Written by: Kacy Martin
Primary Source: Green & Write, March 10, 2016
Students and parents in the Oakland Unified School District have a complicated relationship with their superintendent, Antwan Wilson. Wilson has been described as a bold and effective school leader with the district’s best intentions at heart. However, in response to his recently proposed plan to create a single application process for Oakland’s dozens of neighborhood and charter schools, many parents have expressed alarm about a potential shift toward a portfolio model of district governance.
Image courtesy of Wikipedia Commons
During recent school board meetings, constituents have organized boisterous protests with a clear message: Keep corporate dollars out of public schools. Some protesters have argued that the new application system, similar to that of New Orleans, blurs the lines between charter and public schools and threatens to privatize education. Also involved in the district’s reforms is the Broad Foundation, which is financially backing the new model. This corporate participation in public education has upset some Oakland parents, who, at a school board meeting in October, chanted, “Charter schools are not public schools!” and accused Wilson of doing the bidding of “a corporate oligarchy.”
The Broad Foundation has injected $144 million into charter schools across the country, and it has recently settled on Oakland as the locus of its efforts. The foundation has also produced a handbook about how to close public schools and developed a superintendent training academy, from which Wilson graduated before becoming Oakland’s Superintendent last year.
Some parents in the district approve of these changes, while others disapprove. During a protest this month, local activist Yvette Felarca shouted, “When Eli Broad trained Antwan Wilson, he trained him to come in here and privatize the schools!” Whether or not the views of the Broad Foundation are representative of the voters’ in the district, its power and ability to surpass the will of local citizens is undeniable. The Broad Foundation was not elected to lead and shape the future of Oakland Schools, but it is certainly trying to do so.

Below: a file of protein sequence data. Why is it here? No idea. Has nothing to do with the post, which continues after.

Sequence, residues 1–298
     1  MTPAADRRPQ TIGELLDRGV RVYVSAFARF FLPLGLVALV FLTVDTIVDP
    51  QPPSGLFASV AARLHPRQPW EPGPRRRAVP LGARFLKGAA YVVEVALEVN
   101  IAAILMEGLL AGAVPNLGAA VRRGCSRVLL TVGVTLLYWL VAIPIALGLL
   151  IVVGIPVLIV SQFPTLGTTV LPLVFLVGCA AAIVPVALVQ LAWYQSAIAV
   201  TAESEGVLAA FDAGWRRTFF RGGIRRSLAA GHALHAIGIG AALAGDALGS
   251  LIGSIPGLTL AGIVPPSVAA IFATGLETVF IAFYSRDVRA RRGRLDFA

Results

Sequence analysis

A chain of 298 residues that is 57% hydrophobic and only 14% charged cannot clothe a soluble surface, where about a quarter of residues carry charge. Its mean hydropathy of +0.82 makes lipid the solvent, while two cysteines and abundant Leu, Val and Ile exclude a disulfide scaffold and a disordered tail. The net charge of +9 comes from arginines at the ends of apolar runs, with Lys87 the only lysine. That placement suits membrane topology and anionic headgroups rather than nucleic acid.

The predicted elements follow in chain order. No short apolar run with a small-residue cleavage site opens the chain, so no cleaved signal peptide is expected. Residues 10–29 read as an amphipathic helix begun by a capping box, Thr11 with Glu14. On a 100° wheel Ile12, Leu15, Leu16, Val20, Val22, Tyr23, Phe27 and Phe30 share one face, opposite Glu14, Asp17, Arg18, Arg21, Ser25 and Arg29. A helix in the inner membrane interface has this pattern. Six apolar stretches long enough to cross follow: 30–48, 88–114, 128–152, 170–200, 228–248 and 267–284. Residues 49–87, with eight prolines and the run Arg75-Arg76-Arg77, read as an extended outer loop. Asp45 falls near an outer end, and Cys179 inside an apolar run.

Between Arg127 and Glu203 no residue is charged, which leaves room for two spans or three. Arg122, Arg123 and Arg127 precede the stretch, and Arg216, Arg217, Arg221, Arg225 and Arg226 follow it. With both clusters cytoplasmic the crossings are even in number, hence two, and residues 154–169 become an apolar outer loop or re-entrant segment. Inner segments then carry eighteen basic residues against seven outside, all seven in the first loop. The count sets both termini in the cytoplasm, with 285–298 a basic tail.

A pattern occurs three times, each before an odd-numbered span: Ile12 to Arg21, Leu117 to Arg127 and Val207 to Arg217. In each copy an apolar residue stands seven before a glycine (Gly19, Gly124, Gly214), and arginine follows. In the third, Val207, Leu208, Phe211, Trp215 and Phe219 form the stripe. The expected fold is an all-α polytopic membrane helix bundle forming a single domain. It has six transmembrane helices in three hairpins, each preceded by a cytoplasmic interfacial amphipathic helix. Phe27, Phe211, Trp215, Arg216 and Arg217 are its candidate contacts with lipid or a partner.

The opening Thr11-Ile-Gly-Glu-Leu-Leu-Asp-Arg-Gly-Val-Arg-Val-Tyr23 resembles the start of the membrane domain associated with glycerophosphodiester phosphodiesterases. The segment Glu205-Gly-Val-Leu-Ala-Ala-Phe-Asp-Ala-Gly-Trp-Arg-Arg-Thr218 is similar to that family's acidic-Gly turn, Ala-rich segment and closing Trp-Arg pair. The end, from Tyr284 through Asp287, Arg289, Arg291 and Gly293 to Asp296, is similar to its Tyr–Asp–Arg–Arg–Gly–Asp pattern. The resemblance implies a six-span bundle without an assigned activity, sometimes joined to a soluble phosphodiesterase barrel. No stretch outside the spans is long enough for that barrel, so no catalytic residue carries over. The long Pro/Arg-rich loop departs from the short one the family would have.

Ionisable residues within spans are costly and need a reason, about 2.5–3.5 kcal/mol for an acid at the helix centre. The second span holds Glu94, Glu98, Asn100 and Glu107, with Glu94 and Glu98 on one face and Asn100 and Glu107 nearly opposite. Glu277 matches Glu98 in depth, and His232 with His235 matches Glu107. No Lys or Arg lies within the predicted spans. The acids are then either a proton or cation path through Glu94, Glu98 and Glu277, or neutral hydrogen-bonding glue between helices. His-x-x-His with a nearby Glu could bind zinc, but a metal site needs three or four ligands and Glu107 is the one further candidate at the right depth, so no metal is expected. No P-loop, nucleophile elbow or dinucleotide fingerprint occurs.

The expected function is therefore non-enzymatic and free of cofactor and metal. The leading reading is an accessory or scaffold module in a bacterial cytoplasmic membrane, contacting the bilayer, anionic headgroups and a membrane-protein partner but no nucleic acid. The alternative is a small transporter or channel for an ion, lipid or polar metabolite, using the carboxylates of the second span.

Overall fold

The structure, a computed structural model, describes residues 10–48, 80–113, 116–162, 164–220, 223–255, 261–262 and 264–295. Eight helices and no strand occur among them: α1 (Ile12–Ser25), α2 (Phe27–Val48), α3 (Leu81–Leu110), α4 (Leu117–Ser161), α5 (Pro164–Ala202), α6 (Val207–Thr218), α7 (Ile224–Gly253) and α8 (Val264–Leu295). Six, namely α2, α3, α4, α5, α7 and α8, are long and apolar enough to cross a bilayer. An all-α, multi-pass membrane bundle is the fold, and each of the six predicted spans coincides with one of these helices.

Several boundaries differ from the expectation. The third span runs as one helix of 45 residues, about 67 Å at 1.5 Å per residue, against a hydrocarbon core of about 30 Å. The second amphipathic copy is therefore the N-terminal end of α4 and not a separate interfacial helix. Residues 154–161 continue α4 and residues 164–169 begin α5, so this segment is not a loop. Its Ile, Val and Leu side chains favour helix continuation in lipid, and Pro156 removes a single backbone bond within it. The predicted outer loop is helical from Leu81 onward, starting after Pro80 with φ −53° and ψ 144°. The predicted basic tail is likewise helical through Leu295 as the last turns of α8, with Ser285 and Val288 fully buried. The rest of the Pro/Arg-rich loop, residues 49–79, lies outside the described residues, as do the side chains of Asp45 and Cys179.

As funding for public education shrinks, venture philanthropists step in and districts find it difficult to refuse the help. However, after years of corporate involvement in local schools, parents are beginning to turn the money away.
Protesters in Los Angeles recently sent the same message as those in Oakland. The posters displayed declared, “Billionaires, have a heart. Your plan will tear our schools apart!” and “Billionaires: Pay your taxes so we can get smaller classes!” Parents attended the protest to critique a charter school expansion plan, which was originally launched by the Eli and Edythe Broad Foundation. That proposal detailed a plan to donate $490 million to double the number of charters in L.A. over a period of eight years.
If the language of Los Angeles community sounds familiar, it may because very similar declarations are being made on the national stage. The unexpected popularity of Bernie Sanders in the 2016 presidential campaign echoes the sentiments expressed by Oakland and Los Angeles parents. Sanders expresses concern over the collapse over the middle class, and what he calls the “Koch brothers’ political oligarchy.” His recent landmark win in the Michigan primary demonstrated that critics of the billionaire class exist outside of the fringes.
Rather than kindhearted charity, the large donations given to public schools are an expression of leveraging wealth for political influence. Parents in L.A. and Oakland are expressing concern that publicly elected officials are no longer in the driver’s seat when it comes to who makes choices about their schools. Foundations like Gates, Broad, and Koch are giving for the entitlement to direct how public tax dollars are spent.
With community protests increasing in number and volume, and the popularity of Sanders on the rise, I suspect these philanthropists will need to spend more time defending their so-called expertise in public education reform and answering to citizens who have realized that public education should be controlled by the public.
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